Limerick councillors to hold 'special meeting' to discuss regeneration pace

Limerick councillors to hold 'special meeting'  to discuss regeneration pace

Concerns have been raised at the speed of the regeneration process

A SPECIAL council meeting is to take place later this week, with members concerned at the pace of progress around the Regeneration programme.

Officials responsible for the multi-million euro scheme designed to upgrade Moyross, Southill, St Mary’s Park and Ballinacurra Weston, will be in attendance at the event, scheduled for 9.30am on Friday in County Hall, Dooradoyle. It’s also taking place virtually.

City East Fine Gael councillor Sarah Kiely, who sought the meeting said: “Regeneration is coming to an end in the next couple of years. But we still have a lot of work to do. Councillors have asked lots of questions and haven’t received satisfactory answers in my opinion. I’ve spoken to a lot of parties on this, and we’re not happy with the responses we are getting”.

“The can has been kicked down the road for long enough when it comes to thermal upgrades, rebuilding of homes and bringing back homes which aren’t in use into use. People are looking to go back into these areas, yet we do not have the properties to give them,” she added.

However, she said there are hundreds of potential homes not being built.

“We haven’t done enough – and we are not getting answers. We have a big document with 322 pages in it. What have we achieved? We are not any closer. If you look at the social pillars in regeneration, what is there,” she asked.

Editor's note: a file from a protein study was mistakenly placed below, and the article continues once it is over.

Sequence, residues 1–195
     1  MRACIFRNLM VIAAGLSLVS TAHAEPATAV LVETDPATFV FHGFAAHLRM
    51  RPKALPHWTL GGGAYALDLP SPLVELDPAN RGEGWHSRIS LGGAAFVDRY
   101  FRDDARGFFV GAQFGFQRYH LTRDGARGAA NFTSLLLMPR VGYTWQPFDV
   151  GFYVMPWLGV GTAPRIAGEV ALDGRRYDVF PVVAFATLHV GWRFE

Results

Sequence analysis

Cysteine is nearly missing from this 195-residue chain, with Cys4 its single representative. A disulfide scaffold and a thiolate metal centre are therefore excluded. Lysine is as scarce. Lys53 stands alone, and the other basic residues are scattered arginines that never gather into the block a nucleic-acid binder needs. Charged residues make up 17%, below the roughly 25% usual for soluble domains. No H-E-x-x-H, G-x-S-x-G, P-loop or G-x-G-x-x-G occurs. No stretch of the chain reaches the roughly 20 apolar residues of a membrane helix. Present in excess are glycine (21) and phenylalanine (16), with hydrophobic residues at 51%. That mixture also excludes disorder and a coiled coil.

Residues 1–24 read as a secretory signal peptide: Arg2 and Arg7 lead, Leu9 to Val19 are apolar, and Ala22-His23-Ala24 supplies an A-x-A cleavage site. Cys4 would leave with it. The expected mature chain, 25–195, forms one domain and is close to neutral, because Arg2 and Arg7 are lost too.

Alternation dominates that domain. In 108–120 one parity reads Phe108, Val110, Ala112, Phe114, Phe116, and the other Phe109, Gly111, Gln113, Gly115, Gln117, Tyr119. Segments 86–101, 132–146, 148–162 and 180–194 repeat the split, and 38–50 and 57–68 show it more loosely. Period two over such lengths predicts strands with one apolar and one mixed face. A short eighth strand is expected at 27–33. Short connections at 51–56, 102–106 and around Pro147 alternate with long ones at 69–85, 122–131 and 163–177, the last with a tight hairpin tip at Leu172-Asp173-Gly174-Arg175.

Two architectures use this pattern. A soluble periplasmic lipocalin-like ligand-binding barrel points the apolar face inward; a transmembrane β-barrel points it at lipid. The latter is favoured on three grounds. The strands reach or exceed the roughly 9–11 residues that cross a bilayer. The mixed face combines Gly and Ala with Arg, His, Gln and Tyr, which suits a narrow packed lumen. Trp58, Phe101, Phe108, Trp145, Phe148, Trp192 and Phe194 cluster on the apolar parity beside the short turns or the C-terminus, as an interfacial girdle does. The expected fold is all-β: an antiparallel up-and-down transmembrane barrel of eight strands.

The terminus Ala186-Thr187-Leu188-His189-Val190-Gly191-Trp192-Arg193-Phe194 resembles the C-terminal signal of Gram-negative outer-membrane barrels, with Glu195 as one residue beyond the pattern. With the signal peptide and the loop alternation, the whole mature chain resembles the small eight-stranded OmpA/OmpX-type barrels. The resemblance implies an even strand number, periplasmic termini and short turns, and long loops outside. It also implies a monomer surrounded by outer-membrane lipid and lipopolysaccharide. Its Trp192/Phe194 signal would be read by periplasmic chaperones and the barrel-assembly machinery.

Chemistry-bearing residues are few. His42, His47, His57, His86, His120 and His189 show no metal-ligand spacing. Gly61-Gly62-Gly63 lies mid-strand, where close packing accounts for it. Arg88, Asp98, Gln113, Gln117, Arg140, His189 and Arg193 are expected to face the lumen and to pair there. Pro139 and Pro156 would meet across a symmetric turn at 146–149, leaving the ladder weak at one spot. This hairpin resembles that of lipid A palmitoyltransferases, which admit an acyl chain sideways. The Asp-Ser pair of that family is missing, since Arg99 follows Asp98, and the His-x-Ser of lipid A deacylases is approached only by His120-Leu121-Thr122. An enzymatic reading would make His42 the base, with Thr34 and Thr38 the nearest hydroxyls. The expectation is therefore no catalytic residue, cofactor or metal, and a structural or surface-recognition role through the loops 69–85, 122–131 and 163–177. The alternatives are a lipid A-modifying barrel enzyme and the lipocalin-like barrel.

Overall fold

Last year, the Limerick Leader revealed that ​almost  €400m had been spent on Limerick Regeneration, yet only 269 homes have been built in the city’s most disadvantaged communities since the advent of the programme in 2008. 

Council has knocked 1,091 houses in Moyross, Southill, Ballinacurra Weston and St Mary’s Park — building one house for every four demolished in the 12 years to 2020.

Separately this week, Housing Minister Darragh O’Brien has said new homes in Moyross will not come at the expense of old ones.

Many locals living in Pineview Gardens have insisted they want to remain in that part of the estate, but the council has long insisted these are in the so-called red-zone for demolition. Around 60 homes are impacted.

However, on a visit to Limerick, Mr O’Brien said after deliberations with his department, the homes may now be kept, on top of the proposed new developments in Cosgrave Park and Dalgaish Park.

“I want to plough on with developing new homes, but that the resident's views on not demolishing properties should be taken on board more during the masterplanning,” the minister said.

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